17. It was pointed out that since the land in question was an agricultural land, the market value of the acquired land could be determined keeping in view the price of the land purchased under exemplar (ExP42) even though it was for a small piece of land.
18. In reply, learned counsel for the respondent (State) supported the well reasoned order of the High Court and prayed for dismissal of these appeals.
19. Having heard the learned counsel for the parties and on perusal of the record of the case, we find no merit in these appeals.
20. In our view, the reasoning and the conclusion arrived at by the High Court, which resulted in partly allowing the State’s appeals and thereby reducing the rate of compensation to some extent is just and proper and hence does not call for any interference. This we say for the following reasons.
21. We find that the High Court rightly appreciated the evidence and especially the 3 sale deeds filed by the State and 3 sale deeds filed by the landowners for determining the market value of the acquired land. It is apposite to set out the details of the six sale deeds hereinbelow: Three sale deeds produced by the State
Three sale deeds produced by the landowners
22. Learned counsel for the appellants, in his submissions, placed heavy reliance on the sale deed (EX42) dated 04.07.1989 and contended that the market value of the suit land should have been determined keeping in view the price of the land mentioned in this sale deed.
23. On the other hand, learned counsel for the respondent (State) placed reliance on the sale deed dated 14.02.1994 (EX141) and contended that if the price mentioned in this sale deed is relied on then it is amply clear that the High Court has awarded the compensation on higher side and, therefore, it deserves to be rather reduced.
24. In our opinion, the relevant sale deed to determine the market value of the suit land is (EX141), which is dated 14.02.1994. This we say for two reasons. First, it is very near to the date of acquisition (03.03.1994); and Second, it is for a larger chunk of land. As a matter of fact, if we only rely upon Ex141 then perhaps the determination made by the High Court in relation to two kinds of land can still be reduced.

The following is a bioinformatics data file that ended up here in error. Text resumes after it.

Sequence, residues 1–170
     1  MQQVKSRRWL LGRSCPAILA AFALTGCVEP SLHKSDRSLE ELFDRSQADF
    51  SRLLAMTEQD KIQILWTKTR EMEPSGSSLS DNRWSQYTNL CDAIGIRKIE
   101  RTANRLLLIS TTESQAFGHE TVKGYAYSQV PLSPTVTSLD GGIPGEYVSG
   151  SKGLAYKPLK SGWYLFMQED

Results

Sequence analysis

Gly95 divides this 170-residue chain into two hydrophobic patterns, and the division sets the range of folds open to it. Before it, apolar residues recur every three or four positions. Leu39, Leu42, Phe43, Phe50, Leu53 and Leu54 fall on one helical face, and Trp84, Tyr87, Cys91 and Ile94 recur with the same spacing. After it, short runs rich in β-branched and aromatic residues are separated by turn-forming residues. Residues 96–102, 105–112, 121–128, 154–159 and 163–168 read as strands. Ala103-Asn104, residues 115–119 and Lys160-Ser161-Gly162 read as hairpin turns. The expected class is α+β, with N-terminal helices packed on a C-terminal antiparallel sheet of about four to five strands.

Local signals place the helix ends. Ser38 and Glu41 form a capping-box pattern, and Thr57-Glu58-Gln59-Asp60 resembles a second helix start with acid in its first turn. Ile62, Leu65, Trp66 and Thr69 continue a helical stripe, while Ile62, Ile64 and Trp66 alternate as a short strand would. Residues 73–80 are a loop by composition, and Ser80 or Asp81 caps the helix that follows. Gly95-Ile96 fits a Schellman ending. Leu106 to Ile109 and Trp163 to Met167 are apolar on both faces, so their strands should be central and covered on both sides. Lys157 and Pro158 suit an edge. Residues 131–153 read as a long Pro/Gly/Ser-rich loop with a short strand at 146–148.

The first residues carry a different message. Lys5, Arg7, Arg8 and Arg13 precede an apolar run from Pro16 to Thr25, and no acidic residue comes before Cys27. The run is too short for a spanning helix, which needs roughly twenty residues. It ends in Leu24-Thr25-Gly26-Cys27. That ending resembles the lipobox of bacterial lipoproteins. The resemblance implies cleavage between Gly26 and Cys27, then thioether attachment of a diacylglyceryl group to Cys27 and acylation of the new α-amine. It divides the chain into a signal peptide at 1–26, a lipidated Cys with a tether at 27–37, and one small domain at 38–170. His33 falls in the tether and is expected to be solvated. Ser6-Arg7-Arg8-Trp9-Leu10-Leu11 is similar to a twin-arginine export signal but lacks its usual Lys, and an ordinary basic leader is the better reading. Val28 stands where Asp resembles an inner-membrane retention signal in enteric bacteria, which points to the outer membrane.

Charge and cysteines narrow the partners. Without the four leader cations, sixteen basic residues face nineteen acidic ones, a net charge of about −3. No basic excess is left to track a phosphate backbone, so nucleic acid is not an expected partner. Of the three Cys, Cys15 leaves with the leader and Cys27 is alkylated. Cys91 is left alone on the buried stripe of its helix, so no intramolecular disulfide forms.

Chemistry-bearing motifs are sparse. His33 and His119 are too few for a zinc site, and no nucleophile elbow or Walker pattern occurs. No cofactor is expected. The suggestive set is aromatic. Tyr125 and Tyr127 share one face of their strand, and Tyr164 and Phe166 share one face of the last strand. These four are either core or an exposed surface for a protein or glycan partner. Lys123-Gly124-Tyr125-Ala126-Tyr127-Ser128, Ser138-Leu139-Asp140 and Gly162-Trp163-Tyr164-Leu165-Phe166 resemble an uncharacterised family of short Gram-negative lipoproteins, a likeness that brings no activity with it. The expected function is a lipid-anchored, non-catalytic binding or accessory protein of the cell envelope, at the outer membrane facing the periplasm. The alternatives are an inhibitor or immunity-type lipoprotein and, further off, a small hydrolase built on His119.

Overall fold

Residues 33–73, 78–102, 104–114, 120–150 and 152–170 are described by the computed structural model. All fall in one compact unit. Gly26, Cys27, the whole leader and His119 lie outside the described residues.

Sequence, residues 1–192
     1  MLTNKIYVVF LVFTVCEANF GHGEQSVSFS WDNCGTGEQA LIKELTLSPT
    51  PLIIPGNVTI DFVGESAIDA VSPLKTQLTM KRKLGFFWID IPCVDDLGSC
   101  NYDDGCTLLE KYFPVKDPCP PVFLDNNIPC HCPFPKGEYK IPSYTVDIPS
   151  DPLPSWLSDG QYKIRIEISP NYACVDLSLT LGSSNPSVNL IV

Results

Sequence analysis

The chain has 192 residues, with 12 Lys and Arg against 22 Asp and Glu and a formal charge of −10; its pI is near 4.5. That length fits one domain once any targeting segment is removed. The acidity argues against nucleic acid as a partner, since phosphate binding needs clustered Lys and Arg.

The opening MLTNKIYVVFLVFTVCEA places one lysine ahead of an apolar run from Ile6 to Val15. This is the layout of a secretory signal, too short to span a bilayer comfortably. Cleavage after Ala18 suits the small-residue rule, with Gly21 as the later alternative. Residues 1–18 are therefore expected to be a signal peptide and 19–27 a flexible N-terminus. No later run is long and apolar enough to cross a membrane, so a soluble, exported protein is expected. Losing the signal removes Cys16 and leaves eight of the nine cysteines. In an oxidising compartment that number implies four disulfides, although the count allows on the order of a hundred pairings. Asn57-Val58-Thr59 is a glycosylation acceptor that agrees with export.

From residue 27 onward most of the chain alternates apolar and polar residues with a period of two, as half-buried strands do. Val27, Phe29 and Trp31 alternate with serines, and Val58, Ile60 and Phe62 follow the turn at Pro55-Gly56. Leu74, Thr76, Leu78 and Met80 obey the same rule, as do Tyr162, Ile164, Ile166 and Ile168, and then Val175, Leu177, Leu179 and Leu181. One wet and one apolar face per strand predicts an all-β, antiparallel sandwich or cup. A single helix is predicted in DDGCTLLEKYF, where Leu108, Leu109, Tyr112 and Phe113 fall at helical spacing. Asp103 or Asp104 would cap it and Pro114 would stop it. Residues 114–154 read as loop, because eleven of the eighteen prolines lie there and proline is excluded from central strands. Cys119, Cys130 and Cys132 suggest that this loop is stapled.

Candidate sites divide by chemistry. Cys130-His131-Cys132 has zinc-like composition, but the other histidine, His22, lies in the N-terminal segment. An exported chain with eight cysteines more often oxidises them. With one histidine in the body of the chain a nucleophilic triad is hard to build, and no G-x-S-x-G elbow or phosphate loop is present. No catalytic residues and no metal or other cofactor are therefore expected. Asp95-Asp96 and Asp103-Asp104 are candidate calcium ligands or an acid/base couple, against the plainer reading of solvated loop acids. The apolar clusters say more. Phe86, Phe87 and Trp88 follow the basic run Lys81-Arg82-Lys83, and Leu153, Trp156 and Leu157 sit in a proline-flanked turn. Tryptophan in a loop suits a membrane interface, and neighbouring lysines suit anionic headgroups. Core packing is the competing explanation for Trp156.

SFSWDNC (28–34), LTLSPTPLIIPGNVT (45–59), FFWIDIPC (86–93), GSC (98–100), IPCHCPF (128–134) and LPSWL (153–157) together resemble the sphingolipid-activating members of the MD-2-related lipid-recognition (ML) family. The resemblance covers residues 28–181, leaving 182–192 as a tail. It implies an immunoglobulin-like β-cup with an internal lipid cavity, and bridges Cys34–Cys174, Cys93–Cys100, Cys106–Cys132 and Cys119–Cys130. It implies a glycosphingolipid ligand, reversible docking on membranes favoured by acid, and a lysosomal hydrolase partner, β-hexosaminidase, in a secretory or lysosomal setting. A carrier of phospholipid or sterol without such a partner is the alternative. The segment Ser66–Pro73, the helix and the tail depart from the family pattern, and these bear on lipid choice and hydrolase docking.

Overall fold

25. Since the State has not filed any appeal against the order of the High Court and on the other hand has accepted the determination made by the High Court, we need not examine the question of reducing the rate 1 determined by the High Court in these appeals. It is not legally permissible.
26. Having examined the issue, we cannot place exclusive reliance on ExP42 as was urged by the learned counsel for the appellants neither for restoring the rates determined by the Civil Court and nor for making any further enhancement in the rates determined by the High Court.
27. As a matter of fact, we find that ExP42 is of the year 1989 and that too of a very small piece of land. It would not, therefore, be safe to place exclusive reliance on this sale deed. It is more so when we find that Ex141 relied on by the learned counsel for the respondent (State) was executed just one month prior to the date of acquisition and is also of a large chunk of land situated in the same village.
28. We are also not impressed by the submission of learned counsel when he contended that since the 1 land in question is an agricultural land and, therefore, price of small piece of land can be taken into consideration for determining the large chunk of land. We cannot accept this submission in the light of what we have held above on facts.
29. In our opinion, the High Court, therefore, rightly took into consideration all the six sale deeds and then on appreciation of entire evidence rightly came to a conclusion that the rates determined by the Civil Court in relation to Jirayat and Bagayat lands appeared to be on higher side and hence need to be reduced. Accordingly, the rate of Jirayat land was reduced from Rs.1,69,231/- per hectare to Rs. 1,26,924/per hectare and the rate of Bagayat land was reduced from Rs.2,11,539/per hectare to Rs.1,58,655/per hectare by the High Court. The marginal reduction of the rates in two types of land, 1 which is based on cogent reasoning of the High Court, cannot, therefore, be faulted with.
30. In view of the foregoing discussion, we find no merit in these appeals. The appeals are accordingly dismissed.
……………………………………..J. [ABHAY MANOHAR SAPRE]
……………………………………..J. [INDU MALHOTRA]
July 17, 2019